ancientbuddhism wrote:In the lecture I cited above, Norman presents a well argued theory
I don't think so. His arguments are shaky and one sided. Here are his principal arguments and why I think they are shaky.
He says "There is no agreement among scholars about the date when writing first came into use in India
" but this is dubious.
We know for certain that the earliest texts and inscriptions in India are all from the 3rd century BCE, writing cannot have been introduced in India before the 4th century BCE at the earliest. No one claims otherwise.
He says "If writing was in use during the early period of Buddhism, we should have expected to find rules laid down in the Vinaya governing the proper use and storage of
writing implements and materials, in the way in which we find instructions about everything else which concerns a monk’s daily life.
This is also shaky because he presumes that monks should have been the earliest writers or copiers of the sutta manuscripts.
Even if we assume they were, it is not necessary that they used writing for everyday use as to necessitate carrying writing implements along with them wherever they went.
Maybe they didn't even carry the written texts around with them but deposited them for safekeeping at reliable places or monasteries. Monasteries cannot have been used for any other principal purpose in Ashoka's time (other than as a storehouse and copying place for manuscripts) since monks in the early monastic tradition never lived in a single place... the entire paribbajaka i.e. wandering mendicant tradition (which some people wrongly call the sramana tradition) was about living a homeless (non-settled) existence. Monks cannot have lived for extended periods in or around a single monastery. But texts had to have a place to be preserved and copied.
Norman says "The vocabulary of the early texts is centred around the words for hearing, from the root śru - to hear, and for speaking from the root vac to speak
" and uses this as an argument to prove that there was no word for "reading".
But even Ashoka in his (written) rock edicts says things like "This edict is to be listened/heard every 4 months..." (not "read"). Just because he uses the words listen/hear, it doesnt mean some or all of Ashoka's edicts were once part of an oral tradition before they were finally written down as rock edicts.
Similarly Ashoka in another edict says "These Dhamma texts -- Extracts from the Discipline, the Noble Way of Life, the Fears to Come, the Poem on the Silent Sage, the Discourse on the Pure Life, Upatisa's Questions, and the Advice to Rahula which was spoken by the Buddha concerning false speech -- these Dhamma texts, reverend sirs, I desire that all the monks and nuns may constantly listen to...", and this by the same logic does not mean these suttas that Ashoka was referring to by name and suggesting they be heard, were part of a putative oral tradition.
Norman also says "The word bhāṇaka means speaker, from the root bhaṇ “to speak”, and is another of the items of vocabulary which suggest that the early Buddhists used an oral tradition.
However there are no bhāṇakas mentioned either in the canon itself or anytime within the first 10 centuries of Buddhism. Even Buddhaghosa who is the first to mention a bhāṇaka uses it only once in relevance to the sutta pitaka and does not mention that bhāṇakas followed an independent oral tradition. So to use a single occurence of this word virtually a millenium after the buddha's time (and by redefining it) to argue for a great oral tradition in the Buddha's era is kind of odd..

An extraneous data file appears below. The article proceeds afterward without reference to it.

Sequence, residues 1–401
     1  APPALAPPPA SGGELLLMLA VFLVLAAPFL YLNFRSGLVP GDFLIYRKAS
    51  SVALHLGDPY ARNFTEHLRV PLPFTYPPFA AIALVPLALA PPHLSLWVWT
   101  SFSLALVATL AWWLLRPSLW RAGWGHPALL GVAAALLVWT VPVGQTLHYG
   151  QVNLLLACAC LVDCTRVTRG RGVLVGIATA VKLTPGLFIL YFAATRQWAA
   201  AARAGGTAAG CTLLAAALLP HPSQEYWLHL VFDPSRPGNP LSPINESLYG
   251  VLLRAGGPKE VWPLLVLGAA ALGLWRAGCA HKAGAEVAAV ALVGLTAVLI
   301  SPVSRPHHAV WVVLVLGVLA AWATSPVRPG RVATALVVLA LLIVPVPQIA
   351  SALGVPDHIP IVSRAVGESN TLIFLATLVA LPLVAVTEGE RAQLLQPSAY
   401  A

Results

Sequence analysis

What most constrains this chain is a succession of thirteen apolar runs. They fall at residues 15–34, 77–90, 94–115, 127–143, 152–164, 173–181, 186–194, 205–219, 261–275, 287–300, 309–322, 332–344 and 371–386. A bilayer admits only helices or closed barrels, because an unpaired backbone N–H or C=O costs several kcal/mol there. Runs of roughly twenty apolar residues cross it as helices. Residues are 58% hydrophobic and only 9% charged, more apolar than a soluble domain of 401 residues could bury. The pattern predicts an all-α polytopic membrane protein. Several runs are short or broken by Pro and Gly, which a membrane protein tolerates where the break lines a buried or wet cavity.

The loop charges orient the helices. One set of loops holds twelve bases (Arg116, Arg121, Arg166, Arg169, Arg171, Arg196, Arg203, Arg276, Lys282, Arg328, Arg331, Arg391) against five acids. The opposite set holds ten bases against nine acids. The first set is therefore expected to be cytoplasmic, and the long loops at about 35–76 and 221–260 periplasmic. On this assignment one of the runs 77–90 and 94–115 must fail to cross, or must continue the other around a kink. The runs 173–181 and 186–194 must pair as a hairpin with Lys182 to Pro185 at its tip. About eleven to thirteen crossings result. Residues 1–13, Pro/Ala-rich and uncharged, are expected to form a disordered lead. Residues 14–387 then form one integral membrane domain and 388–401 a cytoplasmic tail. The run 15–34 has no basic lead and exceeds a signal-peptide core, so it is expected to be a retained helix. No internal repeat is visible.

Norman further says "...but everyone, I think, agrees that during the early period of Buddhism, even if writing was available, all teaching was by oral methods, and the Buddhist scriptures were transmitted orally, as was also the case with the brahmanical texts.
" So here we come to the crux of the argument, he is relying on dogma (i.e. "everyone agrees so it must be true") to prove that there was an oral tradition, not because there is any evidence for it, but due to the existence of much evidence against it. He also brings the red herring called the 'brahmanical oral tradition' of the vedas to suggest that buddhists must have adopted the brahmanical oral tradition. However the brahmanical oral tradition was specifically designed for the vedas, applying it for the tipitaka was wholly impossible (see below).
ancientbuddhism wrote:do you have evidence for your claim?
I have evidence that bhanakas are not mentioned at all in the canon.
Nor could they have followed the vedic oral tradition for preserving the pali canon intact since the vedic oral tradition depended on significant linguistic tools and grammatical study which is all still practised in India , it is extremely rigorous and time-consuming, it depends very heavily on grammatical study, I am convinced it can never have been used by the sangha (it took decades of vedic study for a brahmin to become fully proficient in the oral tradition).
ancientbuddhism wrote:Lecture VIII – Buddhism and Canonicity – of the same series cited above, discusses tipiṭaka and the idea of a pāli-canon in general. That the tipiṭaka would be considered as representing a physical collection of texts originally, was not mentioned, although the nearest equivalent to ‘canon’ he comes up with is “…Buddhavacana “the words of the Buddha””.
So how were the suttas transmitted if there was no compilation of them i.e. a canon? How did people know which sutta was what (as Ashoka refers to some of the suttas by name)?